This means that if there is an ambiguity in the contract in which all the other methods of interpretation have failed to resolve so much so that there are two alternative meanings to certain words, the court will construe the words against the party who put forward the contract and therefore give effect to the meaning which is more favourable to the other party.

When can a certificate of practical completion be issued and what are the effects of this?
A certificate of practical completion can be issued when the contractor has fulfilled its obligation under the Contract save for the fact that de minimis (very minor) works had not been carried out. The effect of issuing such a certificate is that:

• The defects liability period begins
• The contractor’s liability for insurance ends
• Liability for liquidated damages end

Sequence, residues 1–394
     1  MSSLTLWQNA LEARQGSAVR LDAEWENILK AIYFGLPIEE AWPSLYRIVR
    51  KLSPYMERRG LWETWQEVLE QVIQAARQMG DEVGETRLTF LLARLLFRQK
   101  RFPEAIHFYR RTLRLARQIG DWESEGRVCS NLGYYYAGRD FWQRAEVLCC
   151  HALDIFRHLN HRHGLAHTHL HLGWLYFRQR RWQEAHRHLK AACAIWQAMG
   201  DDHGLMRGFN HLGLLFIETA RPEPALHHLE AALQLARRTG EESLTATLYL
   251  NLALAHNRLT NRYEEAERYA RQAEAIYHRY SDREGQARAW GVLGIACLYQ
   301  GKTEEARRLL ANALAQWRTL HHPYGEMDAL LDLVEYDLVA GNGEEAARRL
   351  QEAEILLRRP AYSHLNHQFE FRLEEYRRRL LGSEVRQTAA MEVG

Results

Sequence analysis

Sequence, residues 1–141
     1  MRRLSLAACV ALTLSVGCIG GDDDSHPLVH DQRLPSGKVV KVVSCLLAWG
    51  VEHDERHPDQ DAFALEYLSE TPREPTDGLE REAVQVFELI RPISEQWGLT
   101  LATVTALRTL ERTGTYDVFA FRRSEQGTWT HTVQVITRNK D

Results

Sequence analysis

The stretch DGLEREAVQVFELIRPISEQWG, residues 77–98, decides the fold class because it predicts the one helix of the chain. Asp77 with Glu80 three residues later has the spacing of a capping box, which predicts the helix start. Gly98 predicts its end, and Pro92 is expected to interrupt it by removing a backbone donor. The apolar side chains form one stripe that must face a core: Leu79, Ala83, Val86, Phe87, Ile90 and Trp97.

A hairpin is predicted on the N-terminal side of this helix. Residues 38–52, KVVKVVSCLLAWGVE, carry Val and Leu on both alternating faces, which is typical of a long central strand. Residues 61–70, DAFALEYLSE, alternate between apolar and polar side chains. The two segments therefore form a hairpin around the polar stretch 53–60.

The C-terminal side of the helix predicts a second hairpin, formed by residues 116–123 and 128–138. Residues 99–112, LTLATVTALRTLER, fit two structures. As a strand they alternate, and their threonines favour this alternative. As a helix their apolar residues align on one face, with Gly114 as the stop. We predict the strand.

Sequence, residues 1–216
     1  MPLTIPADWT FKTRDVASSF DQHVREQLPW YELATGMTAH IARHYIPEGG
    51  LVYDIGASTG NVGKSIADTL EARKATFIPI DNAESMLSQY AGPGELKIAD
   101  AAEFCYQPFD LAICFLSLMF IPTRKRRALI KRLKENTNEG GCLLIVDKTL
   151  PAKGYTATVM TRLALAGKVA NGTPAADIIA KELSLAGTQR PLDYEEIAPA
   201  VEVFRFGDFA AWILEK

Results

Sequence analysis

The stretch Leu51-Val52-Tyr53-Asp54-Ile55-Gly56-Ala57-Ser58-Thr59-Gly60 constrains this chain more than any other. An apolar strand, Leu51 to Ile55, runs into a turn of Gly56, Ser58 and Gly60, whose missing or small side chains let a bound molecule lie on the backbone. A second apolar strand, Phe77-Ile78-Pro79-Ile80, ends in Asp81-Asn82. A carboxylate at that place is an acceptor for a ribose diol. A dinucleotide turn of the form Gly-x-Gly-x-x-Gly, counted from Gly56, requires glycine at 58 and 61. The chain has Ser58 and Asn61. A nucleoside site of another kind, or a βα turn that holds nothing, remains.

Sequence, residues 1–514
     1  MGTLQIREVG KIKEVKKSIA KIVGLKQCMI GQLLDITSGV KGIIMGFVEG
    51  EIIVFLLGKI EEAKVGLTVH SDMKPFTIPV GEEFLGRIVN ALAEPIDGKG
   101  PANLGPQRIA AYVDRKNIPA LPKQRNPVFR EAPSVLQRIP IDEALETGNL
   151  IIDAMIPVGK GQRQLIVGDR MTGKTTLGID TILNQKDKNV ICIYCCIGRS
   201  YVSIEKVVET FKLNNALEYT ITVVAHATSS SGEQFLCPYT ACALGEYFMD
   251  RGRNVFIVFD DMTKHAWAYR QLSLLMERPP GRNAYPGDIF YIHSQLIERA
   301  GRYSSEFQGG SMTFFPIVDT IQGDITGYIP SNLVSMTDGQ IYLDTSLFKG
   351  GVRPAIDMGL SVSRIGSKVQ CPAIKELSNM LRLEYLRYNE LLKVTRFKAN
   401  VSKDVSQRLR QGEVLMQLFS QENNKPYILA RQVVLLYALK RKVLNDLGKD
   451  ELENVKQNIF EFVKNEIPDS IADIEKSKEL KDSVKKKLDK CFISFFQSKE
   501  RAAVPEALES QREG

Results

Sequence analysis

• The employer’s right to deduct full retention ends. Half the retention percentage becomes due for release
• Liability for damages caused by frost occurring thereafter ends

What are the differences between patent and latent defects?
Patent defects are defects which are discoverable by reasonable inspection and the term embraces all the items which the architect might be expected to find and bring to the attention of the contractor so that remedial work can be carried out. Latent defects, on the other hand, are defects which are not discoverable during the course of ordinary and reasonable examination by a reasonable person skilled in building, but which manifests itself after a period of time.

What are the differences between a penalty clause and a provision for liquidated damages?